With Midwest winter weather upon us, many people will be transitioning to more indoor workouts and training. One downfall to being active is that the weather does not always allow us to get our activity in year round. If you are a competitive runner, a weekend warrior or a person that enjoys a nice walk or bike ride through the neighborhood the snow and cold can keep you inside and bundled up.
Although a nice warm cup of hot chocolate or hard cider sounds cozy on a frigid winter day, we still have to find ways to keep our bodies healthy and in shape. Many choose alternatives to being outside and exercising such as running or walking on a treadmill and riding a stationary bike. These great pieces of exercise equipment help keep ones cardiovascular system in shape but can lead to injuries when heading back to the road or trail when the weather allows.
Using a treadmill or stationary bike does not engage the glute and ankle muscles like their road counterparts. While your endurance may not decline during the winter months, one’s hip and ankle stability generally does. It becomes more important to start a core/glute and ankle strengthening program and working on generally flexibility so that when your competitive season begins or take to the outdoors again you are ready for action.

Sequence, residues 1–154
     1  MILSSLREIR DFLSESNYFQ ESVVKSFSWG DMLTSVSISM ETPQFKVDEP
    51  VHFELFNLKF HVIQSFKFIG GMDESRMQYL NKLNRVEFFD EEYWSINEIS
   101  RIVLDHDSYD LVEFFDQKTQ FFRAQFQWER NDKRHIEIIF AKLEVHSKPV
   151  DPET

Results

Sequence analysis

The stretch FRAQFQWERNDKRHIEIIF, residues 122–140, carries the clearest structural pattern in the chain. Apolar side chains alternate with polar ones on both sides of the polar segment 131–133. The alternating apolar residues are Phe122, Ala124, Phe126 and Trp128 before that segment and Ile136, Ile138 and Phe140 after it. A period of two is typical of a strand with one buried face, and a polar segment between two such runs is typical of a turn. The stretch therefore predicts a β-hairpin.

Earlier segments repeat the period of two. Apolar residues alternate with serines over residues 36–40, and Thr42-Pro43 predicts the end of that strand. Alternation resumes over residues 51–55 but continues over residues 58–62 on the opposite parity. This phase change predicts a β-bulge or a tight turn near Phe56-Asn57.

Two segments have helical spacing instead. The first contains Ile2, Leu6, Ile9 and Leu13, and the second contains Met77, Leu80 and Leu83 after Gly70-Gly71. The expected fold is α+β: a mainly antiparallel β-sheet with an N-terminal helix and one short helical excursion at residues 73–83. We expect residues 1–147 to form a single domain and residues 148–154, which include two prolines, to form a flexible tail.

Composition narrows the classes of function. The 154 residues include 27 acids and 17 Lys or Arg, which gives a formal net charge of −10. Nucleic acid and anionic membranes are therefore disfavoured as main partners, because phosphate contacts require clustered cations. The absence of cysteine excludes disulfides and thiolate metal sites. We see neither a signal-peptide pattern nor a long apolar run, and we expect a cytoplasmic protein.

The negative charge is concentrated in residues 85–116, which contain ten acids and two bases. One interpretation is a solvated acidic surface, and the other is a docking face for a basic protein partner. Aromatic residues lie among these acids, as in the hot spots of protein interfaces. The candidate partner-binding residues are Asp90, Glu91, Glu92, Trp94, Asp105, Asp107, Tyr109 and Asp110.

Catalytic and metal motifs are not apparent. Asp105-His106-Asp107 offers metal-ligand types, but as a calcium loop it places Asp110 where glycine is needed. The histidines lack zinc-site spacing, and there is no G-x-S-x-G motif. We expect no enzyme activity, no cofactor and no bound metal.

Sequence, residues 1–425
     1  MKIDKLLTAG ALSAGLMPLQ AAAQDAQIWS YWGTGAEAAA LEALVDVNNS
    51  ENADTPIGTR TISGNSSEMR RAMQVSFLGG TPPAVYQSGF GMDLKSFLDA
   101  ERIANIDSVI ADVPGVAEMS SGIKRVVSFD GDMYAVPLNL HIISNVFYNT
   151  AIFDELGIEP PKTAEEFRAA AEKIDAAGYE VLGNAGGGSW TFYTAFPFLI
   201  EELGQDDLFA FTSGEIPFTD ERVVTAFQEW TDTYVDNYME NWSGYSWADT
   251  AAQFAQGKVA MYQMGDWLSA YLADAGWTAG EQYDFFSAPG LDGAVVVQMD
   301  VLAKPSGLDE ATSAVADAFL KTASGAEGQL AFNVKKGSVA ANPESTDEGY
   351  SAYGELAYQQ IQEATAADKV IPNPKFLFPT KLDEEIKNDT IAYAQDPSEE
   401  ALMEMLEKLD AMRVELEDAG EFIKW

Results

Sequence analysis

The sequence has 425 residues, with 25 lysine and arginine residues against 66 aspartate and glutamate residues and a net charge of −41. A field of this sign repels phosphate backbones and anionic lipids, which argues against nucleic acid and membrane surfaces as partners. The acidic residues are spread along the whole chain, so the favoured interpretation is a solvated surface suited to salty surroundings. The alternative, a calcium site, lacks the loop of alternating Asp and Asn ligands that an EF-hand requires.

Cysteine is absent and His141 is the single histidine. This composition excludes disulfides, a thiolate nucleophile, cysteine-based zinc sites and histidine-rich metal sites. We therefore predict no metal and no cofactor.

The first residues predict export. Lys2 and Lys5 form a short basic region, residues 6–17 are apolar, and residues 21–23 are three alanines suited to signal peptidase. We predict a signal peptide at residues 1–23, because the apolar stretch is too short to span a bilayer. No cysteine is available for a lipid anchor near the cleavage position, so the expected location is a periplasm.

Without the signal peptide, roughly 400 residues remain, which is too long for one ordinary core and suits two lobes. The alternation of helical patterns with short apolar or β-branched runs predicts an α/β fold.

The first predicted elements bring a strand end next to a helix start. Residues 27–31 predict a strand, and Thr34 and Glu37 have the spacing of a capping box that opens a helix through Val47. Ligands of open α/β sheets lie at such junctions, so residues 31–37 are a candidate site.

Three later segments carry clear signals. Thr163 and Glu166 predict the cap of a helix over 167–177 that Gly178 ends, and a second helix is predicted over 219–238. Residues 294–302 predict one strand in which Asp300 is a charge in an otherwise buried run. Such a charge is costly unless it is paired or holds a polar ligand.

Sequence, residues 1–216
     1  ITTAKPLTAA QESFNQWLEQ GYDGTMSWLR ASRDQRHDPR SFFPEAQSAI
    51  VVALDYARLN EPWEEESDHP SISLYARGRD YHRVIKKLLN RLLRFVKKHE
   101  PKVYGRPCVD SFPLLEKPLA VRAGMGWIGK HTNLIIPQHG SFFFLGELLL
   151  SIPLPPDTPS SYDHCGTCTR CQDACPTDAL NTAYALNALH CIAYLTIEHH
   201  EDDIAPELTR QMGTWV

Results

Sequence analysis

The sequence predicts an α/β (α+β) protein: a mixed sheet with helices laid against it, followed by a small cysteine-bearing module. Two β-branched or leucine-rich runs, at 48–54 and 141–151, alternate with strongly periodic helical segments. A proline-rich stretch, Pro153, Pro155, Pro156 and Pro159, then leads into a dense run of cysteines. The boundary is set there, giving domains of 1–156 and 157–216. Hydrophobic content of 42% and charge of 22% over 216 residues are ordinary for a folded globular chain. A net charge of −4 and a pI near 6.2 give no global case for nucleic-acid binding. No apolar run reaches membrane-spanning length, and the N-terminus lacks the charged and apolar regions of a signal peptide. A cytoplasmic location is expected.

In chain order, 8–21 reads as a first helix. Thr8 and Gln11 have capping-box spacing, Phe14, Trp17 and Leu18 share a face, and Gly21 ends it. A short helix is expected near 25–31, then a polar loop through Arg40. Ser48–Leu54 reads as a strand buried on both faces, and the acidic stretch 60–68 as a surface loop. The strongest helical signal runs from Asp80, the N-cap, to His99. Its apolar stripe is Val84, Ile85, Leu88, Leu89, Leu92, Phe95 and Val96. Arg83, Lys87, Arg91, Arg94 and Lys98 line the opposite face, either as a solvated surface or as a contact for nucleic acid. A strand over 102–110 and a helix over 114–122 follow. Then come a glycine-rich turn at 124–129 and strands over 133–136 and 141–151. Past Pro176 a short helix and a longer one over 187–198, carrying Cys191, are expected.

When working on core strengthening it is important to also include breathing techniques. Improper respiration can aid in many dysfunctions and the development in pain. Many of us hold our stomachs tight to appear to be smaller than we are. Doing this blocks the diaphragm and does not let it push downward when we inhale. This decreases the strength of the protective muscles of the spine and hips.
When the diaphragm can not fall properly, other muscles have to assist in rib expansion. The neck and shoulder muscles pull the ribs upward, instead of them moving downward and out. This type of respiration can lead to shoulder and neck pain along with headaches. The lower extremity muscles than have too help stabilize the spine instead of the hips or pelvis. This shift in stability can increase to the risk to many injuries.
Long term improper breathing can lead to overuse injuries and syndromes in the spine and extremities. Over using the neck and shoulder muscles can cause tendinitis in the shoulder and below, nerve entrapments that mimic carpal tunnel, and disc injuries in the spine.
Click here see exercises that help correct your breathing.
Your in health,
Dr. Justin Hildebrand